Tuesday, May 29, 2007

Memorial Day and the Emergency Spending Bill

Arabic Calligraphy of the Opening Line of the Quron.With what's happening in Iraq, it's hard to not feel the power of Memorial Day everyday. This morning is no exception as we receive news of 10 U.S. military deaths in Iraq and scores of Iraqi civilian casualties. Among the civilians dead: Khalil al-Zahawi, one of the Muslim world's most celebrated calligraphers.

There was some closure over the weekend. On Friday, President Bush signed into law the emergency spending bill for Iraq and Afghanistan. EPIC began preparing for battles related to the emergency spending bill back in November.

By late January, Congress received the President's initial request for emergency spending. While including nearly $100 billion for U.S. military spending, it only included $30 million to help Iraq's war refugees and $50 million for Iraqi-led development. In comparison to previous spending bills, the President's request represented a substantial cut in U.S. aid to Iraq.

In February, we helped form the Iraq Peace and Development Working Group (IPDWG), a community of more than 40 national organizations working to reduce suffering and conflict in Iraq. EPIC cochairs the working group with NETWORK, a National Catholic Social Justice Lobby, and active members include Amnesty International, Mercy Corps and Refugees International. Together, we've been working to:

  • Help 2 million Iraqi refugees who have fled their country and another 1.9 million internally displaced persons (IDPs) who remain inside Iraq;

  • Fully restore USAID’s Community Action Program (CAP), a successful NGO-implemented effort delivering assistance directly to Iraqis rebuilding their own communities; and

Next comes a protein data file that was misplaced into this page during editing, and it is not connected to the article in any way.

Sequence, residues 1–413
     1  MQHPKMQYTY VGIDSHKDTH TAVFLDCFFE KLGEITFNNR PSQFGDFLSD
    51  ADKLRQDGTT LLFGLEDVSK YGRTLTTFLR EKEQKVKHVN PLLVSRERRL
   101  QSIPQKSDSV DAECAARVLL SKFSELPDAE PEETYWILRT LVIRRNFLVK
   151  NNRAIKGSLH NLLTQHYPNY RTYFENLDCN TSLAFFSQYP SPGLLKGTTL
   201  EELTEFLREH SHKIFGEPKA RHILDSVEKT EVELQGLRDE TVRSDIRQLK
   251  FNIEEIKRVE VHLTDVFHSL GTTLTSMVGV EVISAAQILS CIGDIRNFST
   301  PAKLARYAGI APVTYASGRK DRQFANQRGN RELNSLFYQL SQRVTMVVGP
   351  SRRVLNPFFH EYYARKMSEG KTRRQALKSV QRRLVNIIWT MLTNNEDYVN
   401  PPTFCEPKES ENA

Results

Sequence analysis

• Support the Marla Ruzicka Iraqi War Victims Fund (Marla Fund), assisting innocent civilians harmed in the conflict and the families of those killed in Iraq.
I am pleased to report that we are seeing results. Thanks to the letters and phone calls of dedicated EPIC members and the efforts of the more than 40 nationally respected organizations that joined our efforts, we got Congress to add $85 million above the President’s request for Iraqi refugee assistance, restore $95 million of funding for one of the few effective development programs in Iraq, and maintain most of the economic assistance requested – including funding to reactivate Iraq’s state-owned factories to rapidly create some jobs and needed stability. Although it’s only 1/3 of what EPIC and the NGO community asked for, it’s a start.

Now, we're gearing up for FY 2008 appropriations, preparing to fight for a more sustainable U.S. policy than emergency supplemental bills and ad hoc policies. Be sure to check back here for regular updates on our progress. To find out how you can make a difference right now, visit EPIC's website and add your voice to our ongoing advocacy initiatives.

7 comments:

Anonymous said...

And the new headline "Cindy Sheehan surrenders".

Anonymous said...

"My son died for nothing"

-Cindy Sheehan

JP said...

RE: Anonymous 2